This story is so weird. And with every advancement this week, it just gets weirder.
"Fury about a film that insults the Prophet Mohammad tore across the Middle East after weekly prayers on Friday with protesters attacking U.S. embassies and burning American flags as the Pentagon rushed to bolster security at its missions," reports Reuters.
Tunisia, Sudan, Egypt, Yemen, Afghanistan, 20 countries so far are involved, just three days after the bizarrely bad YouTube video triggered (or was used as an excuse for) an attack on the U.S. consulate in the Libya that killed an ambassador and three other Americans on September 11. And outrage is spreading beyond the mideast, to Muslim centers in Asia and elsewhere.
Of course, one could rightly argue that the outrage isn't really about the video—but about the fallout of years of US wars in the region. A trigger, if you will, but not the underlying cause of the conflict.
The New York Times has more:
The broadening of the protests appeared to reflect a pent-up resentment of Western powers in general, and defied pleas for restraint from world leaders including the new Islamist president of Egypt, Mohamed Morsi, whose country was the instigator of the demonstrations that erupted four days earlier on the anniversary of the Sept. 11, 2001, attacks.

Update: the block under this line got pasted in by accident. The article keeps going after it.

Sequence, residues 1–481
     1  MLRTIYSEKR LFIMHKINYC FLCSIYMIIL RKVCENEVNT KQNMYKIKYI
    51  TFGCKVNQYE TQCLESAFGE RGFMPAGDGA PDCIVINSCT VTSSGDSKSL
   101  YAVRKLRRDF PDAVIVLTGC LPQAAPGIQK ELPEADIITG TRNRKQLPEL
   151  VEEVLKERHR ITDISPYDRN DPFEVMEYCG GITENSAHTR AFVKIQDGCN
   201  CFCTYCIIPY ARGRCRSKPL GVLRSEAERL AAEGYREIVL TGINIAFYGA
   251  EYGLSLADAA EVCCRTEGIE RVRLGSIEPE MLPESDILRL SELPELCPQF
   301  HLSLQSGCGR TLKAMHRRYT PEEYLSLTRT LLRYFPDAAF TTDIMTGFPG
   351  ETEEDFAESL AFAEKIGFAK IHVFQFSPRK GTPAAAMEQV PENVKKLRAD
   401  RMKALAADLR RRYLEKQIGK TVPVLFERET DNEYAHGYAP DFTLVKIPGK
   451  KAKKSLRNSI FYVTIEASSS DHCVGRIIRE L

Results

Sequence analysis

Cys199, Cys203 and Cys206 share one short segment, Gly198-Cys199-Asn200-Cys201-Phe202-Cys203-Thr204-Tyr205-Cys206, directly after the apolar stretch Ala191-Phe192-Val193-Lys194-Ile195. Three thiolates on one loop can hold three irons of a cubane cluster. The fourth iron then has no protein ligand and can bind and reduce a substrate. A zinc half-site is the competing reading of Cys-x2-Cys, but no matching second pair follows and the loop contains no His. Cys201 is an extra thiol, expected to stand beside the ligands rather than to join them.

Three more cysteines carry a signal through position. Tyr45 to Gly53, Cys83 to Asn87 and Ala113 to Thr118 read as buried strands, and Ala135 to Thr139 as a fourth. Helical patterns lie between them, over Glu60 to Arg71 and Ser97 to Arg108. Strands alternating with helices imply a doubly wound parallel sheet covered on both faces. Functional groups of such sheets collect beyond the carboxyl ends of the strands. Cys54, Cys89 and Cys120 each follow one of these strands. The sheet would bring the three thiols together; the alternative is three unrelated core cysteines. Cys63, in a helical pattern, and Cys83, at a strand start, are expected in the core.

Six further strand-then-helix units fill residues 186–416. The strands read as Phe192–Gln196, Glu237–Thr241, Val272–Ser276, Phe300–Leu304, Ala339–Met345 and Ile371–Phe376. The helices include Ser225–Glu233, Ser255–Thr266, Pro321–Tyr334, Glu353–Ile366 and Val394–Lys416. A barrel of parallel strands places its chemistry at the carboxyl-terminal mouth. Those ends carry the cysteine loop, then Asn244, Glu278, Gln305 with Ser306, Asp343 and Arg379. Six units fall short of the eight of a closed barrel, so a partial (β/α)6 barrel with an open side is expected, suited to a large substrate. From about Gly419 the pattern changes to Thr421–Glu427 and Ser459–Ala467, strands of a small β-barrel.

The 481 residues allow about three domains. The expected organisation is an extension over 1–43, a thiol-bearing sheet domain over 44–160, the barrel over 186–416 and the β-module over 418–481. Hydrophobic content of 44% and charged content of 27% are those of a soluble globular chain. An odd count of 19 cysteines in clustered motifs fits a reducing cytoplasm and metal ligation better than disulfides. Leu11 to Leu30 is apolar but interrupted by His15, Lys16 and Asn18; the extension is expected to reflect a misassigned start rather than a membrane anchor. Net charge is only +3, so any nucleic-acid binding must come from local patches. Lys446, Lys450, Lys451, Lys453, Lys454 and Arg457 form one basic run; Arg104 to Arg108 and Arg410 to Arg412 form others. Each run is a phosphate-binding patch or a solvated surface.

Below, screengrab of a very useful Google Map of the protests, assembled by some guy named John.
• Read more: Boing Boing news archive for "Innocence of Muslims."
As if “Sam Bacile,” “PJ Tobacco,” and dozens more colorful fake names weren’t enough, the “Innocence of Muslims” guy apparently had yet another alias. A California judge has detained him for violating the terms of his probation by using a computer to make and upload the crappy and controversial film to YouTube.
Nakoula Basseley Nakoula escorted by LA County Sherriff’s deputies from his home in Cerritos, CA. Photo: AP/CBS2-KCAL9, LA. A federal judge today determined that California resident Nakoula Basseley Nakoula (aka Sam Bacile), one of the men behind a crappy, anti-Islamic YouTube video linked to violent protests in the Middle East and the death of a […]
A person working for CNN on the story of slain ambassador Chris Stevens swiped his diary from the “the largely unsecured” US consulate in Benghazi. The network then used the diary’s contents to produce on-air reports, against the wishes of Stevens’ family. The State Department says the network’s actions were an “indefensible” invasion of privacy. […]
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